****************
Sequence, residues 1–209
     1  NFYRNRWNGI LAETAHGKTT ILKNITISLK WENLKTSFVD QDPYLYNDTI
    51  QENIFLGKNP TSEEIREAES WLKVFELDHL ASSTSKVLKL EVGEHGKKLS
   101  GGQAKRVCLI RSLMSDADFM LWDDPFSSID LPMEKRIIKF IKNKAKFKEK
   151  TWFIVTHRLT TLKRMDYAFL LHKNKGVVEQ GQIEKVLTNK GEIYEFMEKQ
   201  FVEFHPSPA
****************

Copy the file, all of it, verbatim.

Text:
Sequence, residues 1–209
     1  NFYRNRWNGI LAETAHGKTT ILKNITISLK WENLKTSFVD QDPYLYNDTI
    51  QENIFLGKNP TSEEIREAES WLKVFELDHL ASSTSKVLKL EVGEHGKKLS
   101  GGQAKRVCLI RSLMSDADFM LWDDPFSSID LPMEKRIIKF IKNKAKFKEK
   151  TWFIVTHRLT TLKRMDYAFL LHKNKGVVEQ GQIEKVLTNK GEIYEFMEKQ
   201  FVEFHPSPA